With all that you and your fiancé have to worry about when planning your wedding, you might be tempted to give the music less attention. “We know what music we like,” you’ll think. “We’ll just throw on a playlist. It’ll be fine.”
By all means, do that. But your wedding will be a disaster.
Wedding music can’t be an afterthought. As we’ve said elsewhere, music is the most important factor in determining how much fun your guests will have, next to food and booze. The music sets the vibe. A wedding isn’t a wedding without the right tunes.
The Purpose Of Wedding Music
What does wedding music actually do? A couple of things, some more obvious than others:
1) It elevates the event from a mere party into the once-in-a-lifetime moment it should be;
2) It enhances any particular wedding theme you’re going for;
3) It helps people keep track of where they are in the ceremony or reception, and clues them in on what’s coming next;
4) It gets them on the dance floor.
Decide on your wedding venue and theme before you pick your music. The right soundtrack can magnify or even define your chosen wedding theme. Classical music tells people it’s an elegant, traditional event; country music that it’s a downhome affair; jazz that you’re going for that sophisticated mid-century effect.
The music should complement the décor, dress code, and venue—but it also can point things in specific or unexpected directions, even changing the atmosphere created by the physical surroundings. Let’s say your venue is a renovated barn. If you play jazz from the 1920s, you’ve created a vintage Great Gatsby vibe. If you play Sam Hunt or Little Big Town, it’s a modern country wedding.
Similarly, certain tunes will work better depending of what you’re wearing. While there’s nothing that says you can’t break out “Baby Got Back” while dressed in an expensive wedding outfit (please don’t), the more formal your look, the more elegant you’ll probably want to go with the music. Similarly, if you’re dressing casual, maybe classical music will seem a little forced.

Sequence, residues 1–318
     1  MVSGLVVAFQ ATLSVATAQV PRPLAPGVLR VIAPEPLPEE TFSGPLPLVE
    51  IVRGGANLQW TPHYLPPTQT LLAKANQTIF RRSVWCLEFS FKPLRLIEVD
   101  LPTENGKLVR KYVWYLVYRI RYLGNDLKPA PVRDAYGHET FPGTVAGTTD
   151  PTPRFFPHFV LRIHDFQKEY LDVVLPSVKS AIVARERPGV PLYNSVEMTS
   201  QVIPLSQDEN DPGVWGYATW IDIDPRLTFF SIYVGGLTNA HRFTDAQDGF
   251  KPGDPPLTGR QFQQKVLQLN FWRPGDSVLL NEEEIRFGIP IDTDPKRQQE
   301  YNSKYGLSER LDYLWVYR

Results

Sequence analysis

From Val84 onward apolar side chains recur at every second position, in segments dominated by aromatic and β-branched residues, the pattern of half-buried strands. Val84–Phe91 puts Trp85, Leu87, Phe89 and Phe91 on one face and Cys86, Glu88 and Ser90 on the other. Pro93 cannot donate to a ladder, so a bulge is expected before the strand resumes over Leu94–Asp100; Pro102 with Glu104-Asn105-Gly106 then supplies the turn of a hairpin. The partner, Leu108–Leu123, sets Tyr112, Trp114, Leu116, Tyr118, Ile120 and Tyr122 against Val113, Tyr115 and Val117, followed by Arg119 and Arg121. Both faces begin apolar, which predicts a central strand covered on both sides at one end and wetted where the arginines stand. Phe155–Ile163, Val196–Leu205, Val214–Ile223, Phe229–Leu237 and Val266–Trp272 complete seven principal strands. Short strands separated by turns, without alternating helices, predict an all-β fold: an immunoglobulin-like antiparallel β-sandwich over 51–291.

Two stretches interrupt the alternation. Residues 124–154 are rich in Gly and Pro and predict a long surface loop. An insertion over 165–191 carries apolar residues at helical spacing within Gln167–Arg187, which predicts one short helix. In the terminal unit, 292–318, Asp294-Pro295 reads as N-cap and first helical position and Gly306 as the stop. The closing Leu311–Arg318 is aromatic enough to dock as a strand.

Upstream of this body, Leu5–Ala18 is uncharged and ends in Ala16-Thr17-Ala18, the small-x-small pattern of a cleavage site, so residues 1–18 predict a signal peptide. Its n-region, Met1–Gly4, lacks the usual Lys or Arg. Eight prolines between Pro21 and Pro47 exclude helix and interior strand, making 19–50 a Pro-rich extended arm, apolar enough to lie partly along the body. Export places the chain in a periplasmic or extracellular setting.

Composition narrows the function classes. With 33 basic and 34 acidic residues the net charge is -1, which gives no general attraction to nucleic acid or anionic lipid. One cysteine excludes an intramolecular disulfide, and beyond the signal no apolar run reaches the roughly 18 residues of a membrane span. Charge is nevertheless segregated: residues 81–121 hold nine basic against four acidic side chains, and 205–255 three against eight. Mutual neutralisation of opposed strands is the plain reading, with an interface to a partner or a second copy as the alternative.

Though it is stereotypically the groom who handles the music, modern wedding planning is all about collaboration. Music is the perfect area in which to showcase how well the two of you work together. That means picking songs together, finding a common ground between your styles.
A special note for the music nerds: don’t get too snooty here. If she wants to play some Spice Girls song she loved as a kid, let her. It won’t kill you—and it might even give you the cover to slip in a few Radiohead b-sides. Fair is fair, after all.
Plan For Your Guests
Keep this in mind: the music isn’t really for your enjoyment. You’ll be so busy you’ll barely notice its on. The music is for your guests to enjoy, which is why you need to plan it around them.
This is one of the fundamental challenges with wedding music: how do you pick something that will appeal to your teenage cousin Blue, your Great Aunt Irma, and everyone in between? This is the reason it’s always the same thirty tracks that come up on the Internet playlists you turn to for inspiration. Certain tracks are so universally familiar they can’t fail to get people dancing. We don’t care if your crowd is mainly Trump Republicans from Witchita or a Vegan Progressives from Berkeley: when “Billie Jean” comes on, you’re going to shake it.
That doesn’t mean you must stick to the tried and true songs (or overplayed, as the case may be). It just means you should think how your guests will react when you throw them a curveball. Are there going to be a lot of older relatives there? Then don’t use “Panda” by Desiigner as your processional. Is it mainly young people? Then maybe you don’t have to throw any big band numbers into your reception mix. (A side note: big band numbers are actually completely awesome and you should never cut them out of your reception mix.)
Go For The Flow
Finally, you’ll need to sequence your music to the ebb and flow of your event. The easiest way to do this is to hire a professional: any DJ or band leader worth their fee will know when to amp things up, when to get slow and romantic, when to bring in the pleasant background music. They attend a lot of weddings, and they understand how these events usually go. They’ll know which songs are guaranteed to fill the dance floor and which will are “party killers.”
Sure, they may cut out your favorite dub-step track, and insist on throwing in a little ABBA, but don’t argue. They know what they’re doing, and you won’t have time to worry about it anyway. (Of course, if you want to do it on your own, you can check out the playlists we’ve collected from some great professional DJs for inspiration.)